Kentucky Holds Off Auburn in SEC Top-15 Showdown

AUBURN, Ala. – Tyler Herro and the Kentucky Wildcats didn’t flinch when their seemingly comfortable lead was wiped out.

Faced with a hostile crowd and No. 14 Auburn’s red-hot Bryce Brown, the 12th-ranked Wildcats survived a big comeback attempt in an 82-80 win on Saturday.

Herro scored 10 points in the final 5:23 and made two free throws with 24 seconds left, then Immanuel Quickley added another.

“This is so hard for these kids,” Kentucky coach John Calipari said. “What I’m proud of is we’re playing a veteran team that’s been through wars, that has been through games like this, that made shots. They were down 17 and they never stopped. And guess what? Neither did we.”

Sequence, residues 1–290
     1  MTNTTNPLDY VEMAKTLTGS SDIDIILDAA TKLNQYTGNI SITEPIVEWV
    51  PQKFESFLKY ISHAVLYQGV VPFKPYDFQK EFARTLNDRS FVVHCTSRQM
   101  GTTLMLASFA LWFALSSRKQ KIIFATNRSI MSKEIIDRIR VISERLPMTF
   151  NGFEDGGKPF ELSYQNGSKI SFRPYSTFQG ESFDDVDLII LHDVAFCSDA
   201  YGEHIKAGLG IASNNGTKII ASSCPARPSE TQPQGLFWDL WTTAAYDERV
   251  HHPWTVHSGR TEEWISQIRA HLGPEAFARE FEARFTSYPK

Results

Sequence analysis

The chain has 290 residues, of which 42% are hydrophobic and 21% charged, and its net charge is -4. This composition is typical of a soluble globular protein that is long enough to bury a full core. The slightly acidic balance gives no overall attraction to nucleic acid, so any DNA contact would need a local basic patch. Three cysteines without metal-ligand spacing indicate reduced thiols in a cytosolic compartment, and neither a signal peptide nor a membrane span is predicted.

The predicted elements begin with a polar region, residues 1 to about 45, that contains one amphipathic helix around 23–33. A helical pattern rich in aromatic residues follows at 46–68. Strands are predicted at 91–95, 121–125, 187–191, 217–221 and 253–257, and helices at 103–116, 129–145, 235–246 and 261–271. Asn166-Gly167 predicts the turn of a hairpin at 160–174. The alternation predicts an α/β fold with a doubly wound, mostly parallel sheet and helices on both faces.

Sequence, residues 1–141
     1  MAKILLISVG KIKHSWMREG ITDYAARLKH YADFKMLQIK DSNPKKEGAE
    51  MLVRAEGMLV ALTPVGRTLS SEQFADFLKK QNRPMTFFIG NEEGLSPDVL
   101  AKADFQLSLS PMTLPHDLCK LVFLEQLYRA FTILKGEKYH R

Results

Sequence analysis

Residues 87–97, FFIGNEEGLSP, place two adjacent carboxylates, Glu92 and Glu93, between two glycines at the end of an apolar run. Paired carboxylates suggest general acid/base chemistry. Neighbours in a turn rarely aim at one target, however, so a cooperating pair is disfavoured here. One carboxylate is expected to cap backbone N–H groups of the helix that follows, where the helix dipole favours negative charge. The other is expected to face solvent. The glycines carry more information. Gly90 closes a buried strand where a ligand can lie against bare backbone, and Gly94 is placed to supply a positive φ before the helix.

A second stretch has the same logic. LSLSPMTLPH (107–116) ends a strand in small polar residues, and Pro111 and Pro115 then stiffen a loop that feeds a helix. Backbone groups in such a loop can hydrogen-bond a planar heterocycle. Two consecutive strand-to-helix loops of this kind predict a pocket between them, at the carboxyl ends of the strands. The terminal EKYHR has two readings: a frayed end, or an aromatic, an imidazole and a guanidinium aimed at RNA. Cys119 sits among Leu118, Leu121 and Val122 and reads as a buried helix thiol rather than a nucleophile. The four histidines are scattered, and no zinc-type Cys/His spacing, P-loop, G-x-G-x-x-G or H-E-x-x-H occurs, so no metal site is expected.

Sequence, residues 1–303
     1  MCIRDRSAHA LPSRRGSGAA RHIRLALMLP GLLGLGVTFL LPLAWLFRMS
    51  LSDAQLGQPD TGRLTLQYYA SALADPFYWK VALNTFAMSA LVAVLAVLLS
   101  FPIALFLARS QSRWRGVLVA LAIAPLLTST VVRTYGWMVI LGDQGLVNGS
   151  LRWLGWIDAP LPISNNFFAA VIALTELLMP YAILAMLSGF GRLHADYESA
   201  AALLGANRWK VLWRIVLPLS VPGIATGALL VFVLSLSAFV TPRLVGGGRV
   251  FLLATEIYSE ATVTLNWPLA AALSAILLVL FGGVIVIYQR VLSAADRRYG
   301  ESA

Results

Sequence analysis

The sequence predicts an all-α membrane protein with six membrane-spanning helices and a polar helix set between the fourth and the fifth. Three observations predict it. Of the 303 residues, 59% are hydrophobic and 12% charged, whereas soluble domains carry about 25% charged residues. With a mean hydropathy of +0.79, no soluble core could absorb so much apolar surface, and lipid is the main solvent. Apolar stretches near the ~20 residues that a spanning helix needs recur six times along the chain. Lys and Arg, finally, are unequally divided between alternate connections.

It made for a dramatic finish for two teams who meet again Feb. 23 in Lexington.

The Wildcats (14-3, 4-1 Southeastern Conference) rebounded after losing a 17-point second-half lead to finish off a showdown between two of the league’s top teams.

Auburn (13-4, 2-2) took an 80-79 lead on Jared Harper’s contested 3-pointer over Ashton Hagans with 32 seconds left. Herro grabbed the lead back from the line, then Harper held onto the ball for what he hoped would be a game-winner.

The Tigers’ 6-foot point guard drove and launched a shot that hit the backboard and bounced off the rim a couple of times but rattled out.

“I knew when I was able to get by him, that I had the angle,” Harper said. “I feel like when I shot it, I put it in the right place on the backboard and it just didn’t go in.”

And the Wildcats breathed a sigh of relief.

“We’re lucky to get out of here alive,” Calipari said. “We’re lucky he missed that little shot.”